Israeli-developed ALS Treatment Reversing Motor Decline Breakthrough
Current treatments are able to slow ALS’ progression but fail to maintain or restore motor movement. Now, multiple clinical trials conducted by an Israeli firm, Brainstorm Cell Therapeutics, show a first-ever reversal in expected decline for patients, likely to transform how we treat ALS.
In Israel Ultra-Orthodox Women Emerge as Tech Entrepreneurs
While Silicon Valley is just beginning to confront decades of sexism and discrimination, female founders in Israel’s ultra-Orthodox community say their segregated gender roles have an unintended benefit — encouraging growing ranks of women entrepreneurs. Recruiting more ultra-Orthodox into a technology industry suffering from a lack of skilled workers has become a national objective in Israel, with various government bodies enlisted to meet national goals.
11 Up-And-Coming Modest Jewish Brands You Need To Know Now
How do you navigate and find the modest brand that works from you? There are, of course, a few well-known brands; specifically, Mimu Maxi and The Frock, who have both been covered extensively in the media. But what about the lesser-known, but equally as saleable, Orthodox brands?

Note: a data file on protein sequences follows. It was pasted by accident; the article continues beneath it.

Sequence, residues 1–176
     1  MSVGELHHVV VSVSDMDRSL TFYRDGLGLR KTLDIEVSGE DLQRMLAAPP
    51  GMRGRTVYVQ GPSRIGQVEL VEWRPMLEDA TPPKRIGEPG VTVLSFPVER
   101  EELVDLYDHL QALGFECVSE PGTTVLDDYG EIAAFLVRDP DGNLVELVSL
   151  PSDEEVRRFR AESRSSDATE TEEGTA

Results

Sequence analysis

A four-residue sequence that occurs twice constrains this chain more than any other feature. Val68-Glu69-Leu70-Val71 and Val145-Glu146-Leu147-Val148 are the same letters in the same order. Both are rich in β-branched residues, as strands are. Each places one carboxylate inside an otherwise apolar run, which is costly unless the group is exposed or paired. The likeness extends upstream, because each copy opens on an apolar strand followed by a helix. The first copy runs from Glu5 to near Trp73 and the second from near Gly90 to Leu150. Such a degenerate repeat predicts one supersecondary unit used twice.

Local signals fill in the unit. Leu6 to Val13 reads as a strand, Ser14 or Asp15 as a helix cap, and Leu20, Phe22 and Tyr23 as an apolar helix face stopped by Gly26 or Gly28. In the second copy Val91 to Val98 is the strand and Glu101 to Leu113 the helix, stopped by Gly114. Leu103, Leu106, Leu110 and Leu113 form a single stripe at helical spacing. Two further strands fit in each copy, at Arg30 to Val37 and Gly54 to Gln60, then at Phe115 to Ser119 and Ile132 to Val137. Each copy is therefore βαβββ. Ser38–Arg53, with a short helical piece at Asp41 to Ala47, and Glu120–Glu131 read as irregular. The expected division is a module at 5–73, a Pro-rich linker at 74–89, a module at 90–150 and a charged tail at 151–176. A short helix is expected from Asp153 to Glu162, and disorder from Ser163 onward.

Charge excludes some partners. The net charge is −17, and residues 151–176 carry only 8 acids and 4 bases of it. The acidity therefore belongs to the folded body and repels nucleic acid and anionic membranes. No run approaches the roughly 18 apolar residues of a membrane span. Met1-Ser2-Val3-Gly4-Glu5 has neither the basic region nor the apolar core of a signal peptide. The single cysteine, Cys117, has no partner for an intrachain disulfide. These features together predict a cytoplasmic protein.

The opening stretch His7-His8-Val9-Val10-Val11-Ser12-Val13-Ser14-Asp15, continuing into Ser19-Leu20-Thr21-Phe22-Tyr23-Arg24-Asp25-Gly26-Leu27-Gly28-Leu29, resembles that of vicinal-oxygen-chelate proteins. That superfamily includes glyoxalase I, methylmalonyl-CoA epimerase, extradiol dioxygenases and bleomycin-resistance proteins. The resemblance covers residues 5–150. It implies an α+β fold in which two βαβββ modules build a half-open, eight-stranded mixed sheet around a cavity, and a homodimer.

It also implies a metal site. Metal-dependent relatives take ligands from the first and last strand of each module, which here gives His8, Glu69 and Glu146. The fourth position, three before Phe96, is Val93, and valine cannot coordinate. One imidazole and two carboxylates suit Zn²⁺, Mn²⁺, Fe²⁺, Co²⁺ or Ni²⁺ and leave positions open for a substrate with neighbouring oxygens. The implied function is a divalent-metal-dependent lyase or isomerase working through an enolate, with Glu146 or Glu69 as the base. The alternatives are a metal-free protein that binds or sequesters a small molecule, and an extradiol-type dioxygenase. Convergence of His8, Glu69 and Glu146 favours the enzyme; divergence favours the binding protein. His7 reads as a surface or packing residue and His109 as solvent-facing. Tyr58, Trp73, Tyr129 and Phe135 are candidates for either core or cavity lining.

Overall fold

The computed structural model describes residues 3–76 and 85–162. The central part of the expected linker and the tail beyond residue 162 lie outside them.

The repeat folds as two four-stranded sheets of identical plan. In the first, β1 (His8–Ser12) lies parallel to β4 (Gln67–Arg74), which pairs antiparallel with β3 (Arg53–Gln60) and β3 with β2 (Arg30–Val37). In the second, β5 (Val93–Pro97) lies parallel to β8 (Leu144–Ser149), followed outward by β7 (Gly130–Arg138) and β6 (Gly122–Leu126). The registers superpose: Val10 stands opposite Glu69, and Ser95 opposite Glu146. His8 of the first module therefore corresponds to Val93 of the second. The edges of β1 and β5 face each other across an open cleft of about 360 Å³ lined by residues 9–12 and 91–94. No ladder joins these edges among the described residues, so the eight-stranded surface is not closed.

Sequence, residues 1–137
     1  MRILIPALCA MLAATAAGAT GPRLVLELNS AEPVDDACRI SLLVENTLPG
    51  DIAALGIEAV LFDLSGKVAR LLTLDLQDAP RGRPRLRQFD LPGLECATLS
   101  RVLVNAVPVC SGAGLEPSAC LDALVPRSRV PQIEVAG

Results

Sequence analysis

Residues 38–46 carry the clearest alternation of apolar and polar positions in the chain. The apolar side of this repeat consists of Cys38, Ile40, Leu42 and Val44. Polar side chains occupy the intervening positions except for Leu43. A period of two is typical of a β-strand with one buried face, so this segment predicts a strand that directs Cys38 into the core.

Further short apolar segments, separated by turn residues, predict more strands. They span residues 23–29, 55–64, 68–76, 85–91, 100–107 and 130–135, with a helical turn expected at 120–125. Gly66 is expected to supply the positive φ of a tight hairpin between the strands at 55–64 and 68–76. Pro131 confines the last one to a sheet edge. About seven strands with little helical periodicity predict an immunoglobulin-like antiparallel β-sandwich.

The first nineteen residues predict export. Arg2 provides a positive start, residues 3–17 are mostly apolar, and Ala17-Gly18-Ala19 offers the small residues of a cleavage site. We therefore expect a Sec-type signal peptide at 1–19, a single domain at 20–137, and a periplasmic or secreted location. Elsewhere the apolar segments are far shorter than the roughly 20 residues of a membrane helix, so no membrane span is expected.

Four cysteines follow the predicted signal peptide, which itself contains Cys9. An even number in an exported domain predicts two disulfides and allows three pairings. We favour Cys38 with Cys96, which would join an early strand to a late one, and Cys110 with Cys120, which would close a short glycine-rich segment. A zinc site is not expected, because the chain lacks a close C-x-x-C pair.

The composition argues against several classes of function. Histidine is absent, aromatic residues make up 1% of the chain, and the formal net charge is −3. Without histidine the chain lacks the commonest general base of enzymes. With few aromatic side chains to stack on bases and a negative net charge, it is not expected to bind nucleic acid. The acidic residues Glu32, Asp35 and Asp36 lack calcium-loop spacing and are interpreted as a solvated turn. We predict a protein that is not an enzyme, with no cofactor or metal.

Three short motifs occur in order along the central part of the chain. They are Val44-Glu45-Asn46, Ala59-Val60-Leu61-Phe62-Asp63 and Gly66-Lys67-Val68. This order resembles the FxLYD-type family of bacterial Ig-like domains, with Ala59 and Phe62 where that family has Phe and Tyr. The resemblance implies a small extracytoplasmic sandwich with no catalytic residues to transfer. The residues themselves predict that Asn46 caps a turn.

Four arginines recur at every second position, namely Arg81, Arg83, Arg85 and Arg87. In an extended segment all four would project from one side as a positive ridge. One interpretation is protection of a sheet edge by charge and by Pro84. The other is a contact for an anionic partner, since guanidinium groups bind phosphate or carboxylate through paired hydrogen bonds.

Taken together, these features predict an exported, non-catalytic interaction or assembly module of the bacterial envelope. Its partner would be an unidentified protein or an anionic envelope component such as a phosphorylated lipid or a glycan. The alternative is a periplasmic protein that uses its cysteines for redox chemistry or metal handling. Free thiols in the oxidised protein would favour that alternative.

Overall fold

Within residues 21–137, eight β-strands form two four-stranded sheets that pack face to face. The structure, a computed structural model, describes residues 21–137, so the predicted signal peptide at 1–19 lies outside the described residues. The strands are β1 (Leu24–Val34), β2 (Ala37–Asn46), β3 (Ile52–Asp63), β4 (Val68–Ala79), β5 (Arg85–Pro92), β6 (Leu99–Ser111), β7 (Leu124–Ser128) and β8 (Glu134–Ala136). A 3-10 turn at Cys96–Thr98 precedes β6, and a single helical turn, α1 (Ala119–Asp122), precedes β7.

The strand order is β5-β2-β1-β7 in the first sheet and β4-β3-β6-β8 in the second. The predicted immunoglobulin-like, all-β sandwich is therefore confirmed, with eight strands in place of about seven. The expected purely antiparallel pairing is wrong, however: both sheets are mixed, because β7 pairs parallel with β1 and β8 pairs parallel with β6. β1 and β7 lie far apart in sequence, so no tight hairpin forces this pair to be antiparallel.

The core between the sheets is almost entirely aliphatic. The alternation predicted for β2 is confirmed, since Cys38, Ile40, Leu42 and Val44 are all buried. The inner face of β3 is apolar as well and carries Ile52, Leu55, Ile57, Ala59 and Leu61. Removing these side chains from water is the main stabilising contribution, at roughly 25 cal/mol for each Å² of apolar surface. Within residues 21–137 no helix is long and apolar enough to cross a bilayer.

How to Make Challah Bread
Orthodox Jewish All Star Jamie Geller is live on the news to teach how to make challah. With the Shabbos Project this week, frum communities around the world are all coming together to make and bake challah.
Israel to Promote Solution for ‘Chained-Wives’ Around the World
For the first time in its history, the State of Israel will provide a solution for agunot (women who are unable to remarry because their husbands refuse to grant them a religious divorce), as well as men who find themselves in a similar situation, even if they are not Israeli citizens. Today, the Israeli government issued a memorandum which grants the rabbinical courts international authority over cases of agunot.
An Abandoned Pre-WWII Hasidic Synagogue Gets a Second Life as a Kosher Jazz Club
With its graffiti-covered facade, the place hardly resembles a jazz club — but neither does it look like an old Vizhnitz synagogue. And though it’s still labeled as such on Google Maps, the building hasn’t been prayed in for over 80 years. The city of Oradea, with a Jewish population hovering somewhere around 400, might not have the numbers to necessitate a kosher jazz bar, but Jews don’t seem to be its niche audience.